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March 31, 2013: Rowing Across the Atlantic, Reviving Extinct Species and More

An elephant seal cub smiles for the camera on South Georgia Island. Fully grown adults can reach over 4,000 pounds.
An elephant seal cub smiles for the camera on South Georgia Island. Fully grown adults can reach over 4,000 pounds.
(Fatima Williamson / National Geographic Your Shot)

Every week, embark with host Boyd Matson on an exploration of the latest discoveries and interviews with some of the most fascinating people on the planet, on National Geographic Weekend.

Please check listings near you to find the best way to listen to National Geographic Weekend, or pick your favorite segments and listen now below!

Episode: 1313 – Air Date: March 31, 2013

HOUR 1

Charlie Pitcher shattered a world record for solo trans-Atlantic rowing by exploiting a long window of good weather, powering himself from the Canary Islands to Barbados in 35 days and 33 minutes. The 50-year old rowed 2,900 miles, knocking 5 days and 9 hours off of the previous record. He tells Boyd that age proved to be an advantage, as he has years of experience on the oceans, but added that he doesn’t plan to take on a solo row of the Pacific anytime soon.

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“Jurassic Park” was borne of Michael Crichton’s imagination, a parallel universe in which man had the ability to resurrect extinct animals from well-preserved DNA. At the time it was almost pure fiction, but in the April, 2013 issue of National Geographic magazine, Carl Zimmer shows just how close scientists have come to making it reality, in the story titled “Bringing Them Back to Life.” Zimmer explains that it now may be possible to revive recently extincted species by transferring their DNA to closely related living relatives. He tells Boyd that these scientists aren’t seeking to “play God,” but simply to bring back some animals that man himself wiped from the planet by over-hunting.

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For as clumsy and cumbersome that they appear to be on land, 4,000-pound elephant seals are powerful and graceful swimmers that can dive over 2,600 feet below the ocean’s surface while hunting prey such as the bioluminescent lantern fish. National Geographic grantee Randall Davis has been using a video camera to study the pinniped’s deep-sea feeding habits.

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On a recent trip, Boyd visited the border that separates Brazil and Argentina at Iguazu Falls. The most dramatic point of the 1.7-mile wide curtain of water is called “The Devil’s Throat.” Carlos Barros, a guide at Iguazu Falls, tells the story of a couple who were trying to cross the top of the falls in a wooden canoe and spilled down into the pool back in 1973. Boyd got a safer boat tour underneath the falls, in an inflatable zodiac.

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David Braun, editor of National Geographic Daily News, explains several different examples of animal navigation methods: star-gazing with dung beetles, “infra-sound” by homing pigeons, and salmon just going by feel.

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HOUR 2

The challenge for a National Geographic photographer isn’t simply to take a picture of a particular animal. It’s to take a different picture of a particular animal. Mike “Nick” Nichols has done this for decades, and on his latest assignment developed a drone helicopter, a remote control car, and a specialized open-air van to help him get closer than ever to lions. He tells Boyd that he was once so close that a bored adolescent lion stole a strobe light from his foot and promptly destroyed it. He also discusses launching his life’s body of work in an app designed for iPads.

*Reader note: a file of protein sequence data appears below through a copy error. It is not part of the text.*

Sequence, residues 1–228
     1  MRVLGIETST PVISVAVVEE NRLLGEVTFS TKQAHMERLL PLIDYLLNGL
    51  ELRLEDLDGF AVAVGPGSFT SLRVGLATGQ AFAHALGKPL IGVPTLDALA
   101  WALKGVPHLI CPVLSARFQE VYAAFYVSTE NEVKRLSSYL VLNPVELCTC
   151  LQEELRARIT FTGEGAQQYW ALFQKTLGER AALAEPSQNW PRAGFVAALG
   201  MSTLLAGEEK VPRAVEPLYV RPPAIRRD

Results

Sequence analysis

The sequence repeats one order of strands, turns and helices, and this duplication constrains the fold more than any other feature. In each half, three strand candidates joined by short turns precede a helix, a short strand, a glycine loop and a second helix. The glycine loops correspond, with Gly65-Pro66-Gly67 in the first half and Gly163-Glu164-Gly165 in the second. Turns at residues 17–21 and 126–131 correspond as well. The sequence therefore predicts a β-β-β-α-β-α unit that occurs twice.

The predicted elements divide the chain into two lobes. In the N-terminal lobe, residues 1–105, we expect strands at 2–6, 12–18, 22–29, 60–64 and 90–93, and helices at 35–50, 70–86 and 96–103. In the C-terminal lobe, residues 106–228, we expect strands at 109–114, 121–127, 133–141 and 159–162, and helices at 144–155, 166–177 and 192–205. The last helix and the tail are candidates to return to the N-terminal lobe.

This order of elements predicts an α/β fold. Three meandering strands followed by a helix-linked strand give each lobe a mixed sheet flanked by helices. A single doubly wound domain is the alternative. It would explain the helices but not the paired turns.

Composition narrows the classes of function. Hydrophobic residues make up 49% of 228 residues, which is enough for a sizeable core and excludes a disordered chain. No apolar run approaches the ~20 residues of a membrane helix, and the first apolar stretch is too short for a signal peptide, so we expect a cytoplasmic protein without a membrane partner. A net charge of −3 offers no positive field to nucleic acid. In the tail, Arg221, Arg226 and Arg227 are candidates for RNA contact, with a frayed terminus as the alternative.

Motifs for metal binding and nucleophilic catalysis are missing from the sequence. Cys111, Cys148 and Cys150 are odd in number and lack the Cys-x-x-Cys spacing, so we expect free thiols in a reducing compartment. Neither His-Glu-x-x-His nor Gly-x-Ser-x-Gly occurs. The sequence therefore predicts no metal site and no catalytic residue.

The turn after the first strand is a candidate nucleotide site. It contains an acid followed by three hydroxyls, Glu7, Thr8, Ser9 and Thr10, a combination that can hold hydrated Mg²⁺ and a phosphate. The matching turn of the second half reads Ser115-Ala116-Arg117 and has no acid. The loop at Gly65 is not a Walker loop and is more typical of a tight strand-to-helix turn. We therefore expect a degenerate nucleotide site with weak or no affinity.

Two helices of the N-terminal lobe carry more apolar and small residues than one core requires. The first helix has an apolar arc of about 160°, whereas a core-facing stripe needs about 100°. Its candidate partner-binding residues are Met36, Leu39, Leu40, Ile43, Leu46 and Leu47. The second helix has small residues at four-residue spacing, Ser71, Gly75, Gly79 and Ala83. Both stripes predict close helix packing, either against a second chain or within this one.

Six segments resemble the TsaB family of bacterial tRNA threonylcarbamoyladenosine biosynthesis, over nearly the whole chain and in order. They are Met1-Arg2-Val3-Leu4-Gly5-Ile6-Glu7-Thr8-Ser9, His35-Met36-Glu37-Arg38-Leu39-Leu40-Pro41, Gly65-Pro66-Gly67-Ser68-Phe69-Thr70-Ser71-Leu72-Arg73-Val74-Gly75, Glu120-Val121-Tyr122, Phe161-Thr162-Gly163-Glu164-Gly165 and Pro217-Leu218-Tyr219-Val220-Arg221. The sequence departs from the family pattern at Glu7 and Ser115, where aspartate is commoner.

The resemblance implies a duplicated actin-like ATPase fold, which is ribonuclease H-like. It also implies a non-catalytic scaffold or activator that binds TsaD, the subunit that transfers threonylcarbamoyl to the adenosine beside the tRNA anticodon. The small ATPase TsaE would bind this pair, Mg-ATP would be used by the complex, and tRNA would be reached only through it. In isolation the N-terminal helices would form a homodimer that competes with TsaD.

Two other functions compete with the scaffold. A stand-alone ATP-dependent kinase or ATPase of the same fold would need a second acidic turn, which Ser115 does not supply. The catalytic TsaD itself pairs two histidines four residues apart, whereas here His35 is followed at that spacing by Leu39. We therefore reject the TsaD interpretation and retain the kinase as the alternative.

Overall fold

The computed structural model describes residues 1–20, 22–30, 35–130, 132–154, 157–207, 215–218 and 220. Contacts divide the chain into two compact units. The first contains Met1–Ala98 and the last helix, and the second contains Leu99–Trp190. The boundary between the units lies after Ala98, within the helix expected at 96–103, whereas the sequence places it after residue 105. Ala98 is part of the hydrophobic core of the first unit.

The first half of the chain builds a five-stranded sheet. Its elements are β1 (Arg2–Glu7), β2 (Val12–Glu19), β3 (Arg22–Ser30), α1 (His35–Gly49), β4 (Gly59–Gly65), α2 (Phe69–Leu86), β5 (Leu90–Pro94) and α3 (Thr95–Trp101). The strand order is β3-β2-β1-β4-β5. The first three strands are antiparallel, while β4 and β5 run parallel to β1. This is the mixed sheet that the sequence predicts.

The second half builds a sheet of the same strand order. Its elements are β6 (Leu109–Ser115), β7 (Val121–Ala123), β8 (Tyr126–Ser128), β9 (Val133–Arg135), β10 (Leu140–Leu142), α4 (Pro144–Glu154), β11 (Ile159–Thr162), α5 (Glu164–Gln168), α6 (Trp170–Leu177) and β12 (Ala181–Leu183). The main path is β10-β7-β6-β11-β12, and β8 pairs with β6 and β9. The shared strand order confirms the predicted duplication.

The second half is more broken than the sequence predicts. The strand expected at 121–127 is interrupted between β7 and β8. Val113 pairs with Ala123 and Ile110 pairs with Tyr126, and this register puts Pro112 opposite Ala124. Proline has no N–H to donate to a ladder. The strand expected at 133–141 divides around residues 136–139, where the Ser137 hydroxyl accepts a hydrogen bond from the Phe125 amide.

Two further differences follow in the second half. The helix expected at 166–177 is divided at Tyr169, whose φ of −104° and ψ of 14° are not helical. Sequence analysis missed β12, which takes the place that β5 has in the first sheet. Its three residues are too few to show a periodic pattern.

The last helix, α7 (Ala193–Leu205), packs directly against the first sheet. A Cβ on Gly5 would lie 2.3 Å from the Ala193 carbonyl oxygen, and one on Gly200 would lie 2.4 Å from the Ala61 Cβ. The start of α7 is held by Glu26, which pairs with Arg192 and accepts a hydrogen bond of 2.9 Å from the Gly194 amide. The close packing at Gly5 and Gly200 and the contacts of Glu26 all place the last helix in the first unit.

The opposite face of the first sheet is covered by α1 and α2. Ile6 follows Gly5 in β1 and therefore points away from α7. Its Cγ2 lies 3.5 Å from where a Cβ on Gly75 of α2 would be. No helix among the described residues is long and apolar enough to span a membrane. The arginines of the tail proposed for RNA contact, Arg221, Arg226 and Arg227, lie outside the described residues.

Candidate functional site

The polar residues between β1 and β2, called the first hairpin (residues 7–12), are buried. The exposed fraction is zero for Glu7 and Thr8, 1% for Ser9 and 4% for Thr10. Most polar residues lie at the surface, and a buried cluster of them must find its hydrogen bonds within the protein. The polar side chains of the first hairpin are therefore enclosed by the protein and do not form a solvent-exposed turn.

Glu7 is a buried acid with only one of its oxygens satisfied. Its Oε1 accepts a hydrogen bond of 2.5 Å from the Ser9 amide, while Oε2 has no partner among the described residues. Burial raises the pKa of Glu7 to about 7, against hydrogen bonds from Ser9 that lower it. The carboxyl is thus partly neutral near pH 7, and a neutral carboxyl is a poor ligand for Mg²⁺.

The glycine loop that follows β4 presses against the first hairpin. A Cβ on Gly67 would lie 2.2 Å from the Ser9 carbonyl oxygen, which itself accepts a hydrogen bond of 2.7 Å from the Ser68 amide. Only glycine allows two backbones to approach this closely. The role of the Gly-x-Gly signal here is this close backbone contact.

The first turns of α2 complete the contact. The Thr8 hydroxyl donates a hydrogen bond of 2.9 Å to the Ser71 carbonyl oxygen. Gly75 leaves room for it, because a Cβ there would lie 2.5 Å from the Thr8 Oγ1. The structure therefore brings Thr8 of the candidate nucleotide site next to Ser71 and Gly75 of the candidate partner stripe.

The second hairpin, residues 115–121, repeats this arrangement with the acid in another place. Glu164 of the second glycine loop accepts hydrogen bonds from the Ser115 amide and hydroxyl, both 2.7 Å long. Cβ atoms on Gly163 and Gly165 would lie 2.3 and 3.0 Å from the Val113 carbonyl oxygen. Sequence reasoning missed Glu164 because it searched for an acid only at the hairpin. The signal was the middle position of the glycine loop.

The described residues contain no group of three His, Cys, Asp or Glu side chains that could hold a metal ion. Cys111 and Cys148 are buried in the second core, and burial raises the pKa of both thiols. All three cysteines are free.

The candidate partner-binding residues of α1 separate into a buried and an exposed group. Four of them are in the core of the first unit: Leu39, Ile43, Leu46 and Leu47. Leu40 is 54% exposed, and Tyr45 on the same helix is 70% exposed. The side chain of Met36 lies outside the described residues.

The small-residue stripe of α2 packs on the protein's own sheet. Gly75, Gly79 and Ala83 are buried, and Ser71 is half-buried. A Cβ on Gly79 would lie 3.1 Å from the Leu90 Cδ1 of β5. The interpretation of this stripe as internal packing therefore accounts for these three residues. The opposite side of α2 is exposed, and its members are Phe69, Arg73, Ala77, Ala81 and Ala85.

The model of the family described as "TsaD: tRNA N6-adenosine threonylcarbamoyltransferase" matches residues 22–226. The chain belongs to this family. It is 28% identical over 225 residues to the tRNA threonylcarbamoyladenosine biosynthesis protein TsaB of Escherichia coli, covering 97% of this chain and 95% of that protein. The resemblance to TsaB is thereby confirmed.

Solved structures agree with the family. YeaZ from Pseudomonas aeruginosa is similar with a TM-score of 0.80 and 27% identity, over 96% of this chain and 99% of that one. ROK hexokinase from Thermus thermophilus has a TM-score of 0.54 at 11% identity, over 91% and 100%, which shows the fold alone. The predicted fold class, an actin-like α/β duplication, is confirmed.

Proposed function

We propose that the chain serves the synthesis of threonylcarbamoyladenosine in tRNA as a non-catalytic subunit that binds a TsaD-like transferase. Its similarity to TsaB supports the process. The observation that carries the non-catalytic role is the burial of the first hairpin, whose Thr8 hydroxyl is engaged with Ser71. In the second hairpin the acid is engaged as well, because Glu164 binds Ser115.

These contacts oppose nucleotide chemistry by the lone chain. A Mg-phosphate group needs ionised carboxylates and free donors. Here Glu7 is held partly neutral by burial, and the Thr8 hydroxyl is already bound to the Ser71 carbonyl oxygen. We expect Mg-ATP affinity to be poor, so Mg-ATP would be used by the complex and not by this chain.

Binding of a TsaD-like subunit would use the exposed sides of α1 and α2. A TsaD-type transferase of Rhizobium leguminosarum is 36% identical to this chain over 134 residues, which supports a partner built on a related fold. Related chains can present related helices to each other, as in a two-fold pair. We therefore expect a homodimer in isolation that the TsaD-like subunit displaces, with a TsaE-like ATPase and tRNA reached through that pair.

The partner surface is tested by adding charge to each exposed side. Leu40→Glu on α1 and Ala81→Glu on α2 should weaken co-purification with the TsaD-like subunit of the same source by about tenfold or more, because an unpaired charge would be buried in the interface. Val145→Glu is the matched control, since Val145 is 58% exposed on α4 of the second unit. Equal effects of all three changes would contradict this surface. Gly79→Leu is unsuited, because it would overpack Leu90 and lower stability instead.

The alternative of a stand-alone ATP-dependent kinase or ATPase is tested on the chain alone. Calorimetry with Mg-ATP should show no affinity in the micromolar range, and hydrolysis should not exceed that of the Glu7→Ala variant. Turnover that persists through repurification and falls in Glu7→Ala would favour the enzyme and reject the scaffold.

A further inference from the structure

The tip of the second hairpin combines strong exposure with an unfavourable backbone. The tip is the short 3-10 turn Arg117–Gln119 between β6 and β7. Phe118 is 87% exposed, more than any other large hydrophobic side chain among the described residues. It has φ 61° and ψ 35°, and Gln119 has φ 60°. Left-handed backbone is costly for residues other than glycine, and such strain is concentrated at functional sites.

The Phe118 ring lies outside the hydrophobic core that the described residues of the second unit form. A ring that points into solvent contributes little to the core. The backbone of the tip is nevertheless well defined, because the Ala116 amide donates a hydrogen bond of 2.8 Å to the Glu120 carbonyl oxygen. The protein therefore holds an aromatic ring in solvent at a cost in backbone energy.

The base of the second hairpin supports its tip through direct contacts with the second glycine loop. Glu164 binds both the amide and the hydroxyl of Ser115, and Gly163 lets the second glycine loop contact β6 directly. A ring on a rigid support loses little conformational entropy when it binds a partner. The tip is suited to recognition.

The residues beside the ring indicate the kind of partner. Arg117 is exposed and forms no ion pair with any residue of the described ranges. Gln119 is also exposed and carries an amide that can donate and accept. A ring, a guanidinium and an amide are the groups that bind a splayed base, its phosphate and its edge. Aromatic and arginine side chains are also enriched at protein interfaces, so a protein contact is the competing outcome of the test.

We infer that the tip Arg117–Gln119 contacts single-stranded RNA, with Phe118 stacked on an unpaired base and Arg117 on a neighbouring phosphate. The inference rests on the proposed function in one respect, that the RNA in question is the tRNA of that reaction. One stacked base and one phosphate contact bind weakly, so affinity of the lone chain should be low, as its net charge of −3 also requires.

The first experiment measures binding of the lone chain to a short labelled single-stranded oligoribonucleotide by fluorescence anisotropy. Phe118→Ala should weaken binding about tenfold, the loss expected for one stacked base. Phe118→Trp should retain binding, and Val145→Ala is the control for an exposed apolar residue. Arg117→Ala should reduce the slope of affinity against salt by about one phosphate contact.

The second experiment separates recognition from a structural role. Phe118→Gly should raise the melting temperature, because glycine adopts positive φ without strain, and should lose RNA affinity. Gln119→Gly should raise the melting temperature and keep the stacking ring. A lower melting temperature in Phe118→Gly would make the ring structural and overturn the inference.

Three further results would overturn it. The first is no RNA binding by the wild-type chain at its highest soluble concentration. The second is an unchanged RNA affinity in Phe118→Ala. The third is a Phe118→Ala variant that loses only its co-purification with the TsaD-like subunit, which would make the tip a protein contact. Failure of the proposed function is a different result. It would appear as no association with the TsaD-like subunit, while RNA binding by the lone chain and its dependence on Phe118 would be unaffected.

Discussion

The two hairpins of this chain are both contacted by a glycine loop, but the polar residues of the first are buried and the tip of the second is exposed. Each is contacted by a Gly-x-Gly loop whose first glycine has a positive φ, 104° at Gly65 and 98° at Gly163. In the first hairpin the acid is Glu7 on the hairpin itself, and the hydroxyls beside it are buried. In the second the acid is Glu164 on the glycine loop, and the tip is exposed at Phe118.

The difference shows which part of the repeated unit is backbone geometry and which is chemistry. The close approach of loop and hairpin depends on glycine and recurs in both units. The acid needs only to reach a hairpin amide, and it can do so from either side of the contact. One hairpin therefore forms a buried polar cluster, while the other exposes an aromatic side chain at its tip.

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Whaling is largely a bygone profession, considered a relic from the 19th Century, particularly in the United States. But National Geographic Young Explorers Grantee Gemina Garland-Lewis visited the Azores, where, just three decades ago, the practice thrived. Her project focused on gathering as many first-hand stories and anecdotes about the erstwhile practice as possible. She tells Boyd the story of a man nicknamed “Silvino,” who was knocked out of the boat and fell into the jaws of a sperm whale.

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Part of the job of a photographer is to capture beauty and magic in the mundane. But there is nothing mundane about the chickens featured in photographer Tamara Staples‘ book The Magnificent Chicken, a collection of photos of championship chickens from around the world.

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Natural resource booms have become a part of the American fabric–from gold, to oil, to natural gas, and back to oil. Directional drilling and fracking have made oil and gas that is difficult to reach accessible, and the small towns that dot North Dakota’s landscape have become the beneficiaries. Edwin Dobb, author of “The New Oil Landscape,” in the March 2013 issue of National Geographic magazine, tells Boyd though that it isn’t all liquid gold for the state’s towns. High demand and low supply have driven up housing prices to levels that compare to San Francisco and Washington, D.C., while workers who migrate from across the country to work the oil fields lead to higher crime rates.

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In this week’s Wild Chronicles segment, Boyd admires one of the lesser-celebrated animals he found on a recent trip to Africa, and gives it a little fanfare of its own: the dung beetle.

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